Setting the expectations and really working with stakeholders. That was something that my previous bosses, Whitney Sieck and Nikki Schanzer at Outreach really drilled into our team of like, training for training’s sake is a futile effort. If we’re just doing it to check the box, it’s never going to stick and you’ll be back in your same spot that you were three months from now doing the exact same thing. It’s really important to sell the dream with not just the frontline managers, but their executive team, because without any reinforcement, the training is kind of moot.
Gina Stracuzzi: We do fall back on our old habits very easily. Something has to be moved forward with more intent than just sending someone to training, especially just plug and play trainings. Those really do very little to change the trajectory of the sales organization.
It sounds like you’ve also been around a lot of really awesome women in sales who take a different philosophy on training than just your standard models. You’re an executive sponsor for WINS, which is women in sales execution, which is not something that I have heard of before. Can you talk to us a little bit about that?
Brooke Bachesta: Actually, I was really proud, I started this program with a pal of mine named Mandy, she still is a recruiter there, and one of the other SDRs on the floor but that was about four years ago when Outreach had, I think it was only 30 SDRs on the team. We recognized that we really needed more women in sales, not only from like a diversity is good for business but like from an optics perspective. We had three women on and I think it was 30 people and we were like, this is not a good look.
That if we wanted to make a change, we really had to make some intentional shifts to the way that we ran our organization and our recruiting and not to say like, “Hey, women, come apply and like, test it out.” Step one was, we got together with the VP of the SDR team and the CRO at the time, Anna Baird and Steve Ross and we said, “Hey, let’s revamp our job descriptions to be more gender neutral.”
We took out a lot of the words like crushing quota and a lot of the requirements. We had this whole laundry list of things like you had to have, but in reality, it’s an entry level role that didn’t require any experience. We were just looking for soft skills. Like are you persistent? Do you like to help people? Are you comfortable having a deadline or a quota at the end of every month?
That was really helpful. Changing the language for one, and then going outbound and going out to universities or communities, programs in the Seattle area and saying, like, “Hey, we are hiring”, and we would specifically target women. That was step one.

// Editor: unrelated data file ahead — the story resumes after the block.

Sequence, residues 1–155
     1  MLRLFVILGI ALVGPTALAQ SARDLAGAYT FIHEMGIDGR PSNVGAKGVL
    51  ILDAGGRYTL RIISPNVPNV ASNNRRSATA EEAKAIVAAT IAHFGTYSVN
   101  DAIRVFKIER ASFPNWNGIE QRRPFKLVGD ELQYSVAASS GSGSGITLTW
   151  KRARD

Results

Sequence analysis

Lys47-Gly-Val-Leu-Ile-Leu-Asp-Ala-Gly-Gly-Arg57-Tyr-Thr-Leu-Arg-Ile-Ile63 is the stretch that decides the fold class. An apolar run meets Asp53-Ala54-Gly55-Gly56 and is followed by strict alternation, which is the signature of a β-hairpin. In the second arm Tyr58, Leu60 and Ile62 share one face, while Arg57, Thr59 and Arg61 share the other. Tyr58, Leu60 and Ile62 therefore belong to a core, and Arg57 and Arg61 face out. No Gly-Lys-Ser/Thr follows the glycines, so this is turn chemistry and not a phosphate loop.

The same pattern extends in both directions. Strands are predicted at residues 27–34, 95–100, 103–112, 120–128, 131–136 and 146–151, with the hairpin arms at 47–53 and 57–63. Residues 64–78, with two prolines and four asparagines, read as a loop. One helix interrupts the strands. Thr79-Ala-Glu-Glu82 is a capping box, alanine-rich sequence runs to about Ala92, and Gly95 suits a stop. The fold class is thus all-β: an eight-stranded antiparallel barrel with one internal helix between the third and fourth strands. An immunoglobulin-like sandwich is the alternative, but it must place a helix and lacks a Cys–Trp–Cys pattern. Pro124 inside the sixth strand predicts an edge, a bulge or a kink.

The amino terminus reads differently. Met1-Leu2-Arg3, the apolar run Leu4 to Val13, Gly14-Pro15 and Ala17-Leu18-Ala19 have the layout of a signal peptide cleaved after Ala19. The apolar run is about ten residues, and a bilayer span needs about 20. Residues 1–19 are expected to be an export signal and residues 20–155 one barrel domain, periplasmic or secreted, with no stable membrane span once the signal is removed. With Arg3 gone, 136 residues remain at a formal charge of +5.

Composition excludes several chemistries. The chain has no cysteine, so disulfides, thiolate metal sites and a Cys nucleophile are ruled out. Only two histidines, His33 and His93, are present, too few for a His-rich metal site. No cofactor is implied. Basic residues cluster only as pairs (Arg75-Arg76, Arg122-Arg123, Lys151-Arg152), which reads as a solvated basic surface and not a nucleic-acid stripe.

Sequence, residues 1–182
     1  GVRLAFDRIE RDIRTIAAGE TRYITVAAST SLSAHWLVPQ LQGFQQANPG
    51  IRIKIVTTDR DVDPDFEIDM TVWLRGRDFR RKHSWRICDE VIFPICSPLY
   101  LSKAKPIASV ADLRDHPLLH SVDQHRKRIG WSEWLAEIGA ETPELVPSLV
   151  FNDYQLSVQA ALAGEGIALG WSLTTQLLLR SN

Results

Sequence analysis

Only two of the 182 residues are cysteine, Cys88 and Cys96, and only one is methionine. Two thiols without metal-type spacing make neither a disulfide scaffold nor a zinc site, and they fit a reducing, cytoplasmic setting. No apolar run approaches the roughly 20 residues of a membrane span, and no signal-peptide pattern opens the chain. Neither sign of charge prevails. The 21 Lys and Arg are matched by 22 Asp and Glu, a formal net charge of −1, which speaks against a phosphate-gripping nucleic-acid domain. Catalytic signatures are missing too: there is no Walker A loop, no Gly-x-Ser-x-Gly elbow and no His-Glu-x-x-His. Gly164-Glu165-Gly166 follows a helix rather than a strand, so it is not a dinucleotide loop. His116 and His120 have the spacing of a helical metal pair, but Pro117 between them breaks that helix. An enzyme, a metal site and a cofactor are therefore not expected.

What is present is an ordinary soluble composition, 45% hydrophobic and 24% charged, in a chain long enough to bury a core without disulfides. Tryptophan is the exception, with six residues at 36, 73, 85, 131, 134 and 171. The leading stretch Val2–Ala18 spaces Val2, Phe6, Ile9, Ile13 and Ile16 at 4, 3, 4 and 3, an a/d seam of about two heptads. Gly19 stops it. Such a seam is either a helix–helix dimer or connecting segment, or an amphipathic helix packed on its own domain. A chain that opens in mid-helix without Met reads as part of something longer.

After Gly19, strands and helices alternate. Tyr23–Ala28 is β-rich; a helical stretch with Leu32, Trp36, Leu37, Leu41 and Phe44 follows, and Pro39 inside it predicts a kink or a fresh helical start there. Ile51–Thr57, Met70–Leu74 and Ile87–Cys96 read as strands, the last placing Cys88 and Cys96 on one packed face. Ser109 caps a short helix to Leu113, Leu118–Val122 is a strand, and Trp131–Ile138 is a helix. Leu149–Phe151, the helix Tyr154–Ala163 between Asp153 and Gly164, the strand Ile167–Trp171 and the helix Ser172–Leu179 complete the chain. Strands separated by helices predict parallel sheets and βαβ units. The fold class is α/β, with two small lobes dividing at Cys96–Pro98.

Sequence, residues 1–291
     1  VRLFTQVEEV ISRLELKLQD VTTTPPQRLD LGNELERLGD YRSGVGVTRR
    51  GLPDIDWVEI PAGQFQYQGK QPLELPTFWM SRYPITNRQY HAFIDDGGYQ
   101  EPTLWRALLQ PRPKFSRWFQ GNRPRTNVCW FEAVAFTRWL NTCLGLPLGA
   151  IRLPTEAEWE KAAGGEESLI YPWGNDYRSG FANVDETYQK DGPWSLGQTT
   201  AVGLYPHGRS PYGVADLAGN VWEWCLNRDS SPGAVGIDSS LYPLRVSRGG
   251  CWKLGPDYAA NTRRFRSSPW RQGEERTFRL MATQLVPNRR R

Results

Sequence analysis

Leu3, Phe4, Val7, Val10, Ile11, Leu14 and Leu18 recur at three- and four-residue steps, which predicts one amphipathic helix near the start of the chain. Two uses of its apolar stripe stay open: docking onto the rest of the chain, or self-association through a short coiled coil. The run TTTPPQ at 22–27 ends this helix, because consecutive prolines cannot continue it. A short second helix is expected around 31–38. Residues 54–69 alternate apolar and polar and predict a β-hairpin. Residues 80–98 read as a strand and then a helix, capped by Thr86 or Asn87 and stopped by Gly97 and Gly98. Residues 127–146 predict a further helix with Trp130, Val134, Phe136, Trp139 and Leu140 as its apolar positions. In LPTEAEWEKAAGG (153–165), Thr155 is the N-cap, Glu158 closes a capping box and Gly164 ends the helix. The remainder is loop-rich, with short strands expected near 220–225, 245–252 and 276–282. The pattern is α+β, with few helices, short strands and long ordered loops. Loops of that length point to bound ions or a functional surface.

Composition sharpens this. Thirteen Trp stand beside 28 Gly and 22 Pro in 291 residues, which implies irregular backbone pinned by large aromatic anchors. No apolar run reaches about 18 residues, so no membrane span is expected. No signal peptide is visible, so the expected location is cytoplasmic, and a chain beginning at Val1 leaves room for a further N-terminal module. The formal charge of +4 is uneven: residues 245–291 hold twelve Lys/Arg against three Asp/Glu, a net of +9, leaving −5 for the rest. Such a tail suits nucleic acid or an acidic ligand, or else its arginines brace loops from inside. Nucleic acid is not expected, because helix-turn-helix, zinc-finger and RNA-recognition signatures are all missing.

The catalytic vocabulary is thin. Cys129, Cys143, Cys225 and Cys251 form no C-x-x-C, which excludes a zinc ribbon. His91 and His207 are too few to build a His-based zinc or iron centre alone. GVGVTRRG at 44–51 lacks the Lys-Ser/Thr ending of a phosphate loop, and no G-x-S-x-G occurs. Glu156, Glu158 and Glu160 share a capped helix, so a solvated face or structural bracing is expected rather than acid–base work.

Step two was we had to make them want to work here. We had to demonstrate like, this is a place where you will have a community. We started out just doing happy hours and realize that while happy hours are fun, there’s not necessarily a clear line that you can draw to professional development.
We started to add some professional programming to that in the form of panels with female executives who were in at the company. Maybe Anna Baird would come and do a Q&A and just an overview of her career. People will get to ask her questions in a really small environment. We would pull up people within our network, senior level sales reps, CROs, CFOs around the area just to come and do. Essentially what we were doing is we were trying to demystify networking because it can be such an intimidating term especially for folks who are new to sales or new to the industry.
If we just put on a “networking event” I was pretty sure we weren’t going to get a lot of people. But if we turned it into like a, this is a cozy event just for our internal folks, we’re going to have some kind of activity, we would normally do some kind of like paint and sip or like we did terrarium building, something to futz with your hands. You have an excuse to do something while putting them in the room with all these executive women. We saw huge success.
We ended up doing that every single quarter. When we started the program in 2018, 10% of our sales force was women. Fast forward to 2019 right before the pandemic, that’s when we were doing a lot of live events. We had grown the team to about 100 people and 46% of our entire sales for our BDR team was women. We were super pleased with the impact that we had there.
Pandemic slowed us down a little bit because we didn’t have that in person goodness that we were so used to. I wanted to shout out, there’s two girls actually, or three, Peony Situ, Carson Boyle and another woman named Grace Presnick. They really helped to revitalize the program. We renamed it from, it used to be called GALs and SALs. Sales Accepted Lead is what it stood since it was so BDR focused.